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Overcoming adversity and going through struggle show up as prominent themes in both Japanese culture and Japanese tattooing. Likewise, good and evil, and masculine and feminine, within a tattoo piece, are represented as opposing and opposite figures and energies.

What is A Tengu?

In Tengu tattoo and Japanese folklore, the types of Tengu are goblins, Japanese demons, Shinto Gods, and other kinds of monsters who lived in forests and mountains and became known as protectors to the Buddhist Dharma.

These famous warriors, like the famous warrior, Minamoto, oftentimes show up in Tengu tattoos and Japanese folklore as highly skilled warriors, martial arts teachers, and mentors to samurai heroes. These creatures hated arrogance and vanity. In fact, Japanese folk tell tales of the tricks that Tengu played on samurai warriors who were vain and Buddhist priests who were overbearing and arrogant.

 

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What are the Origins of the Tengu?

The word Tengu is Chinese in its origins, and derives from the word Tiangou, meaning “Heaven Dog.” Oddly, only the name Tengu is shared between the Japanese and Chinese. In Chinese culture, the Tengu is a dog, whereas, in Japanese culture, the Tengu appears as having crow-like features. Tengu masks, typically used in religious festivals and Japanese Noh theater, show a bird-headed demon. However, with the rise of Buddhism in Japan near the 5th Century, the Tengu took on human features, wings, and an unnaturally long nose, and red face.

The Tengu had magical powers that enabled them to appear in people’s dreams, shapeshift, transport themselves, and move through space without ever moving their wings, and speak without moving their lips. Japanese folklore showed the Tengu as shapeshifting protectors of the Dharma who lead corrupt priests astray. In later legend, it was said that when a corrupt monk died, he was sent to the realm of the Tengu, where he was transformed into a phallic-nosed shame-filled monster.

What are Konjaku Monogatari?

Konjaku Monogatari are a collection of Japanese tales which highlight Buddhist themes and the Tengu. Before looking to get a Tengu tattoo, it is smart to start by researching these types of stories to see the meaning of the Tengu and also nail down the type of Tengu tattoo that you will want. Of particular importance is the Kamakura Period. During this period in Japanese history, samurai warriors, warrior caste, and feudalism arose in Japan. It is during this period that the Tengu grew in importance. Since Buddhists priests stressed the concepts of impermanence and vanity within humanity to their followers, the legend of the Tengu grew as a symbol of fallen monks and warriors, and during this time of corruption within Buddhist monasteries, these legends turned into an instrument of criticism.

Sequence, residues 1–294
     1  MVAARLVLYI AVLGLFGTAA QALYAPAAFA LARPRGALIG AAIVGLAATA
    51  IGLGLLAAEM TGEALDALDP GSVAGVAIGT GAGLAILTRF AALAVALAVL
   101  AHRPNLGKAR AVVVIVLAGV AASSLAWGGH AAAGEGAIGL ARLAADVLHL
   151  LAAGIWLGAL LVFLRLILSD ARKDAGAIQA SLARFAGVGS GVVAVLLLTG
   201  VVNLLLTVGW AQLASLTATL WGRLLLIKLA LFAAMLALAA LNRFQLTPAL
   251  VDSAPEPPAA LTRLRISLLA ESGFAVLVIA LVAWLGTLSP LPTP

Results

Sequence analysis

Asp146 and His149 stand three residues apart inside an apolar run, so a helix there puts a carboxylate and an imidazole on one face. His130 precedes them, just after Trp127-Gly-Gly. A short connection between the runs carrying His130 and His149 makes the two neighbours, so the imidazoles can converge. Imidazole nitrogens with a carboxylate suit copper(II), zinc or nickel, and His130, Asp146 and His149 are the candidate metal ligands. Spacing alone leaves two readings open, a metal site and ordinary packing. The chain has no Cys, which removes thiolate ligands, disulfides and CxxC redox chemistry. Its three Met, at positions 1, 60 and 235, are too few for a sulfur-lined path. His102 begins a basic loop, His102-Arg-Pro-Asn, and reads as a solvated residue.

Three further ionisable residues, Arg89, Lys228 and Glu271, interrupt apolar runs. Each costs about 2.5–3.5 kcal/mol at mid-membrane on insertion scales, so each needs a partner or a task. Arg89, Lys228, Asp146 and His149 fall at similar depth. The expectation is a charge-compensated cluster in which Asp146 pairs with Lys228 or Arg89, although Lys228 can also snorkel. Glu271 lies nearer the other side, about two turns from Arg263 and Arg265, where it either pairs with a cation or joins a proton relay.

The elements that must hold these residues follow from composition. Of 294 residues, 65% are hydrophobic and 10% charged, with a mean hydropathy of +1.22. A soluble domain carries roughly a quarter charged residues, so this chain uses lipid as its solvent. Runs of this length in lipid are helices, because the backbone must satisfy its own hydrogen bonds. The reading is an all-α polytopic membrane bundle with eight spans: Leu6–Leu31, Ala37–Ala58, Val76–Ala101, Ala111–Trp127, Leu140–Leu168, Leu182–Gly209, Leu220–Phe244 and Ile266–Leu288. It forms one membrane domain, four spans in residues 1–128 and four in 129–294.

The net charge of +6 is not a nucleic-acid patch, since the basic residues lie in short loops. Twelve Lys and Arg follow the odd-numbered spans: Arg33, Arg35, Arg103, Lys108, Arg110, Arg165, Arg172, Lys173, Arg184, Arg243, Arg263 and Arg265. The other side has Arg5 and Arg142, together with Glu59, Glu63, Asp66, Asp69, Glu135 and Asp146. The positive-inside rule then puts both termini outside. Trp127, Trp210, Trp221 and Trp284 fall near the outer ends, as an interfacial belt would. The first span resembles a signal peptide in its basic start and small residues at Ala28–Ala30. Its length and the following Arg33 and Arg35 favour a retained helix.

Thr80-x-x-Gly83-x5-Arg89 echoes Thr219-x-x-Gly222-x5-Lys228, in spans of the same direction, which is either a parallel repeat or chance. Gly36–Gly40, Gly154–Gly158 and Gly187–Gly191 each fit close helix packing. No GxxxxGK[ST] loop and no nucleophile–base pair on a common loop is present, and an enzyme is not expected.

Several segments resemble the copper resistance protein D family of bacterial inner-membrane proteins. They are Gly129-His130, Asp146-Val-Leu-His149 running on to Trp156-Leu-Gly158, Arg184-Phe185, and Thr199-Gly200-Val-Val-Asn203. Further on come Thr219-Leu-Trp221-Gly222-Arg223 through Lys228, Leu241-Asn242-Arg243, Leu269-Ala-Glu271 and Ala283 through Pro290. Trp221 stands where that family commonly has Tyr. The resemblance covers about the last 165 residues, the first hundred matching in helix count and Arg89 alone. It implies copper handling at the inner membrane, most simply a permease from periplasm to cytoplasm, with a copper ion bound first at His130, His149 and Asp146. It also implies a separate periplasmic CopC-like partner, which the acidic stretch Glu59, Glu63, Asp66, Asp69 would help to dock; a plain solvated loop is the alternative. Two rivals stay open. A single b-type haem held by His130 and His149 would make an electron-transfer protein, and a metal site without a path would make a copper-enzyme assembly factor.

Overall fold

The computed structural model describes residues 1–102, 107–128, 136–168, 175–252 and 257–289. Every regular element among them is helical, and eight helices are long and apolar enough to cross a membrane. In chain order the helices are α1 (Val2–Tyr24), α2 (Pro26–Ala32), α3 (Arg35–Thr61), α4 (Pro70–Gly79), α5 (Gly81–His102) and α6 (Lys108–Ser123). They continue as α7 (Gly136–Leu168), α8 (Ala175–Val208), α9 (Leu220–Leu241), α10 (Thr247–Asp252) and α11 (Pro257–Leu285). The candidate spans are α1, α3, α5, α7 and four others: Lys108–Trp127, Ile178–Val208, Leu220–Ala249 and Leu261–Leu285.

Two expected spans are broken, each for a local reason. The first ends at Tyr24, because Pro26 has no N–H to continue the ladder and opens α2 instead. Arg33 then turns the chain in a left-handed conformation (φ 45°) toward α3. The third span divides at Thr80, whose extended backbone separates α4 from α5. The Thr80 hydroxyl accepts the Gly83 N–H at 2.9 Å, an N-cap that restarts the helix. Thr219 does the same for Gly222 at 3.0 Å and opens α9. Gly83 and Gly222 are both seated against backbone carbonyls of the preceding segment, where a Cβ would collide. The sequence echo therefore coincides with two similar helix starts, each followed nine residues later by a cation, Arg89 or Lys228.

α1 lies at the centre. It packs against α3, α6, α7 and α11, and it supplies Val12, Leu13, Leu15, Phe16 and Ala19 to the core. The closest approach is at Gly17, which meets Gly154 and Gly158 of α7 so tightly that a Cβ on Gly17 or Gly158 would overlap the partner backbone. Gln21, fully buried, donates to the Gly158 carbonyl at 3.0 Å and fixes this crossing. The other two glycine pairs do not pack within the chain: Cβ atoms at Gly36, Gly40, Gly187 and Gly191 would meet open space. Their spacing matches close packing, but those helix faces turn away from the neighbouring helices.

What are Some Popular Types of Tengu Tattoos?

Common and popular Tengu tattoos depict a creature with a red face, bugged out eyes, and a bulbous nose. When done right, in a bold and classic Japanese style, these tattoos look amazing. These tattoos, depending on which form you choose to get inked, can depict either a deity or a demon. Since they are most known for being mischievous, any type of misfortune that happens in life is almost always attributed to the Tengu.

The two most common Tengu that are tattooed are the Karasutengu Karasu, or crow, and the Daitengu, or “Great Tengu,” whose crow beak transforms into long, phallic noses — which often lead to sexual innuendos. Despite these two main types of Tengu, there are plenty of mischievous designs to choose from.

Symbolically, the Tengu lends itself to many interpretations. During some periods, they were seen as nothing more than mischief-makers, while in others, they were seen as starters of epidemics, disasters, and wars, and demons whose sole purpose was to lead Buddhist monks astray from their spiritual paths in life.

In tattoos, however, the Tengu reminds its wearer to adhere to the samurai’s code of Bushido and the virtues of courage, honor, duty, and loyalty, and to also be vigilant against vices and personal weaknesses. No matter the reason you opt to get a Tengu tattoo, the artwork itself, if done properly, is both captivating, conversation-starting, beautiful, and, at times, comical. Just be sure to do your research first.

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